The image above, showing a busy Cockatoo Island, is evocative of a time when this island in Sydney Harbour was not only the focus but indeed the heart of naval life in Sydney. Cockatoo Island has a long and fascinating history, but the image above, from circa 1920 harks back to a time when the island was the Commonwealth Naval Dockyard.
Cockatoo Islands history, in the era of European Settlement, dates back to the early years of the colony when the island was home to a prison which was built in 1839 to alleviate the overcrowding on Norfolk Island. By the 1850s, although still a prison, the role of the island was slowly starting to shift towards naval service with the Fitzroy Dock and a workshop built (by the prisoners in fact) to service the Royal Navy. By the 1880s shipbuilding and repair work done on the island was expanding rapidly and a second dry dock, Sutherland Dock, was built.
During this era the shipyard serviced the Royal Navy, but in 1913, with the establishment of a new, Australian Navy, Cockatoo Island became the Commonwealth Naval Dockyard, servicing not just the Royal Navy, but the new Australian Navy. In fact by 1930 Australias first steel warship had been built at the islands shipyard. Over the 20th century ship building and repair continued to expand, even servicing submarines, but in 1992 the dockyard closed. Today, the island is controlled by the Sydney Harbour Federation Trust and you can visit to discover more of the story of this historic island.
Terraces of old houses in the Glebe. Girls playing. Campbell St.
The image above provides an enchanting look at inner city living during the hard years of the 1930s. Girls play in the street in front of their homes, some of the terraces which are such a part of Glebe.
Originally, as the name suggests, Glebe was land belonging to the Church of England, but in 1828 the land was auctioned off and soon after Glebe became a place of elegant homes and pleasure grounds. By the mid 19th century though, there was a clear class distinction in Glebe with the well to do living in the elevated areas while the lower classes lived in the lower and less desirable area, closer to Blackwattle Creek. Glebe became known as something of a mix of classes, made up of middle class, lower middle class and working class neighbourhoods. Not only was Glebe increasingly an area with a variety of distinct class groups though, it was an area of rapid population growth. In fact by 1901, 19200 people lived in the 3737 houses in the area, many of these houses being the terraces which are so characteristic of Glebe.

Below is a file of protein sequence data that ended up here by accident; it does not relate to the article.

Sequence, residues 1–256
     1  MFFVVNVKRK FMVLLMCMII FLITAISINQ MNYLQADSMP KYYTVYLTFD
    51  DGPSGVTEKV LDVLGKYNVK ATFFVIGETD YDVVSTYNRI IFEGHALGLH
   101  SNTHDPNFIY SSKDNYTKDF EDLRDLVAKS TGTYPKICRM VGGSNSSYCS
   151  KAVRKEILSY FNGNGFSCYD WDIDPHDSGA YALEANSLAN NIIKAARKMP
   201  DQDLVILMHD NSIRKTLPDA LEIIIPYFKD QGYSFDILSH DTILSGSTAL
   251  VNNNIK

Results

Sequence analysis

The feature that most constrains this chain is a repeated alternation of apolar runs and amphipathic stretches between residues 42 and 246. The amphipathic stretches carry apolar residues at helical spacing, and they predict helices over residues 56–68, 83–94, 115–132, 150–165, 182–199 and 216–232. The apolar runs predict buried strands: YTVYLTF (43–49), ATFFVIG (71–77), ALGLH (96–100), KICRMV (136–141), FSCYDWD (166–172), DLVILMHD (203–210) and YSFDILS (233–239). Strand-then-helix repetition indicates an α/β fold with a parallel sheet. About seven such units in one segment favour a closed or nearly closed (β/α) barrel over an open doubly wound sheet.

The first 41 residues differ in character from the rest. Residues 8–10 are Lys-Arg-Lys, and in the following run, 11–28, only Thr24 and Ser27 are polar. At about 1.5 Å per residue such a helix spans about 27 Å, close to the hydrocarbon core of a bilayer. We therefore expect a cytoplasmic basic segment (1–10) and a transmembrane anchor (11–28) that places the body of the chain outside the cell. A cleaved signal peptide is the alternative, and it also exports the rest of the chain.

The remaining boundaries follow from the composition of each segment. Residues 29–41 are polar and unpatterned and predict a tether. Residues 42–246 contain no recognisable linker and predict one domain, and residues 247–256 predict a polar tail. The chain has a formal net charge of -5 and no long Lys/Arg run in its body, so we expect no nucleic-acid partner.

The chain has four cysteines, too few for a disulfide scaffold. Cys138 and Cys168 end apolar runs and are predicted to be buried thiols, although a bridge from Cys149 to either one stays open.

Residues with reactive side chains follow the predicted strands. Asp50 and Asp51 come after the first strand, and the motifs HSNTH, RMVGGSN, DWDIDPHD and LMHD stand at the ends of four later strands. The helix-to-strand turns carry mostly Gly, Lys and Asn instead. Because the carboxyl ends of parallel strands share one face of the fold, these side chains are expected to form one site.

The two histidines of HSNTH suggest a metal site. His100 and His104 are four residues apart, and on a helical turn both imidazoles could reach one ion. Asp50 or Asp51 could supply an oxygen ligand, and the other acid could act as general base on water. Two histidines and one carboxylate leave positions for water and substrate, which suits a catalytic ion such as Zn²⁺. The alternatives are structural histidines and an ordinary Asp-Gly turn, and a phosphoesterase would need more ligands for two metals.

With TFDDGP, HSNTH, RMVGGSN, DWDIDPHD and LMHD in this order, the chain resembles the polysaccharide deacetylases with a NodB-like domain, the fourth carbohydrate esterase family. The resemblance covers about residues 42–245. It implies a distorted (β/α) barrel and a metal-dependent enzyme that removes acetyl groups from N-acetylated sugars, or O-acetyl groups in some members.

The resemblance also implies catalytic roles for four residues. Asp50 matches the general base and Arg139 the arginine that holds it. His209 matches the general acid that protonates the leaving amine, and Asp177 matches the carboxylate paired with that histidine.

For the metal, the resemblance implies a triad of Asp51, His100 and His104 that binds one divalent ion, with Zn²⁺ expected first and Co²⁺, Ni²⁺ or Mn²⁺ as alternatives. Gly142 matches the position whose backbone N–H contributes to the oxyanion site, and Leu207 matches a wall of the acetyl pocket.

In the years following 1841 terraces began to appear in Glebe and by the 1870s they had actually become the dominant form of housing. Terraces were perfect for the rapidly increasing population, providing self contained, private houses and of course being economical with building materials and space. Yet although terraces were almost the standard building in the area, there was nothing standard about their design. The terraces in Glebe were built to reflect the period in which they were constructed, and by 1915 a mosaic of different styles could be found, ranging from colonial to Georgian, Victorian Gothic to Regency. Increasingly, these terraces were the homes of the lower classes, especially following the outbreak of the Bubonic Plague. The middle classes increasingly sought the space and sanitary conditions of the suburbs further from the city centre and Glebes distinct classes became far more difficult to separate. Today of course, Glebe is once again a trendy place to live with a mix of people, cultures and backgrounds making up the community.
There are several photos of Glebe in the collection, so keep an eye out for more posts about this historic area of Sydney.
The postcard above is a beautiful snapshot, showing Sydneys grand Central Station, the station which was built to replace the dingy and congested Redfern Terminus. The postcard probably dates to very soon after the new railway station first opened in 1906 as the grand tower is not yet built and of course, the postcard lauds the ‘New Railway Station’.